I was amazed that a 13A outlet alongside bath !
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I remember after moving in here back too long ago to remember, some years on my did wanted to alter some of the wiring and after drilling through some very strangely routed wall light cables simply chased diagonally in a wall, he employed a very early transistor long wave radio, to follow the mains wiring. It was shall we say, a revelation what people had done since 1939 when it was built. Cables wired to a plug behind a bit of chipboard be plugged into a socket to put a mains socket in a wardrobe, Lights over beds with no earth at all wired up with ordinary mains lead you might find on a table lamp, electric fires wired to lighting circuits. You could tell the times roughly as the original wire was rubber covered then came rubber covered with a kind of woven sleeve, then pvc mains lead. Lots of 5 amp unfused two pin sockets and round pin three pin sockets, some actually did have earths some not. In the end after he died and when several lights stopped working in the upstairs and fuses blew for no reason we had the house rewired. Yes a mess certainly but although it is not up to today's spec obviously recent checks show good earths and everything still good. Having said all of that of course, wiring sockets like suggested in this thread into a bathroom at floor level in reach of a bath was even a bodge too far in this house. Brian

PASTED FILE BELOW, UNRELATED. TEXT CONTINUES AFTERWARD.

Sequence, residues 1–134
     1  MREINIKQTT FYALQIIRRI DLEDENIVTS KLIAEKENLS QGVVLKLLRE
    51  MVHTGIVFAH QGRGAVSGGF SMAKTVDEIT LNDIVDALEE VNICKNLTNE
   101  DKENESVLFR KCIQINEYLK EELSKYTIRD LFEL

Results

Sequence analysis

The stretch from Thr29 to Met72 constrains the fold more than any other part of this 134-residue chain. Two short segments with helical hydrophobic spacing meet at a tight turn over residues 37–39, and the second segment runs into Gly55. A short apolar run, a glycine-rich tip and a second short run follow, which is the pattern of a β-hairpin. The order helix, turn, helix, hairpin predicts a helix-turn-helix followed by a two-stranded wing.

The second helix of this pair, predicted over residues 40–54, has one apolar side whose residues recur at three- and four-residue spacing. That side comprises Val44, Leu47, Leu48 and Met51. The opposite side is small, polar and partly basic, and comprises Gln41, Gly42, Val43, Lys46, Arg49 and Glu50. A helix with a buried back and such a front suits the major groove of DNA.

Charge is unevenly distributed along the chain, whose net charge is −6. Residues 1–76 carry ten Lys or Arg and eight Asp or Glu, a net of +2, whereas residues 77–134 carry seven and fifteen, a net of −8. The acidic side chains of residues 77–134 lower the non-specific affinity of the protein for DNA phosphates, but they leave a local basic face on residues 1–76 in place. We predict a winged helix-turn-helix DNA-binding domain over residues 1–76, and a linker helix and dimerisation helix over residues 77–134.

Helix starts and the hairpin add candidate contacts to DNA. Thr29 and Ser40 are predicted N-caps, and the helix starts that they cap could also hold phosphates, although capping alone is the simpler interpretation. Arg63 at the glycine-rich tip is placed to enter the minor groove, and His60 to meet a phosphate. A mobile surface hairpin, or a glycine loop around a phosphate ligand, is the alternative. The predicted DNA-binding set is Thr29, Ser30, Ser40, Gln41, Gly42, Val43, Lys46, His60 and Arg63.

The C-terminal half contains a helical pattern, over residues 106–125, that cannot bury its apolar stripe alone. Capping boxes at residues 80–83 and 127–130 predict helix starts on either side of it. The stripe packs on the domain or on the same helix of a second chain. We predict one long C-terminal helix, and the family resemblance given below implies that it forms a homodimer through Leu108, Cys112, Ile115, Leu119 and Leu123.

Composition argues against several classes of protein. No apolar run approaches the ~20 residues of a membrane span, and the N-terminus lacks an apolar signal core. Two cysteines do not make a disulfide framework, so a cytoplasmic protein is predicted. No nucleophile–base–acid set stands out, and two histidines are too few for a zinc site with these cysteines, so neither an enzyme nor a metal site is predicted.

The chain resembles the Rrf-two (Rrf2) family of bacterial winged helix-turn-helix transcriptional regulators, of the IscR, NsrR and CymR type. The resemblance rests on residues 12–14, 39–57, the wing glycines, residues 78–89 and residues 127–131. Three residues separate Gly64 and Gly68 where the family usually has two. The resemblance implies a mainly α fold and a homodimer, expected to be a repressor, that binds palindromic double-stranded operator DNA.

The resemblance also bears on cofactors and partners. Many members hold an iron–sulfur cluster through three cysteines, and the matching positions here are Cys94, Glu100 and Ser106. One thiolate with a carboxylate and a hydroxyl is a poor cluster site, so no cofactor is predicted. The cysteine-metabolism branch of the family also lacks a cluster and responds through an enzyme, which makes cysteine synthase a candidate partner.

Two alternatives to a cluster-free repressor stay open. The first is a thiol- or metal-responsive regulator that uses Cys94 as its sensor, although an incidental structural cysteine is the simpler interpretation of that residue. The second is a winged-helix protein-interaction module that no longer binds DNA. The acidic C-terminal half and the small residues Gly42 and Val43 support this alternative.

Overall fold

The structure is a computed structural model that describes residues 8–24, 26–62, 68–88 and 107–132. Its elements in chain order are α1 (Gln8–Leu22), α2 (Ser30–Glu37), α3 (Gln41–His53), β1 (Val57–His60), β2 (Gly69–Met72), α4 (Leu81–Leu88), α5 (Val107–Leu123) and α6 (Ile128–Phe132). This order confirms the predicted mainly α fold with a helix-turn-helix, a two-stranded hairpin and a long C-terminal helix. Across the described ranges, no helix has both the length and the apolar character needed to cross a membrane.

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You'd need to do a careful examination. It's quite possible some of the basic wiring is sound, and could be re-used. This might be worthwhile on a DIY basis.
For example, with lighting circuits, there was quite a long period of time where TW&E would have been used - but the earths simply not connected as they weren't required by regs. If this is the case, it might be possible to connect those earths without replacing (all) the wiring. And remove all the bodges that may just have been added later.
If paying a pro, it's proably cheaper to start afresh.
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*They told me I had type-A blood, but it was a Type-O.*

Dave Plowman snipped-for-privacy@davenoise.co.uk London SW
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Dave Plowman (News) wrote:

It's "protected by out of reach", but must be listed as such on any installation test certificate in the "not to current regs" box - which suggests the tester didn't actually bother checking anything.
I have one such light in my shop, but as you need scaffolding to get anywhere near it it's perfectly safe. It'll get an earth the next time the upstairs flat needs a new carpet and I can rip up the floor.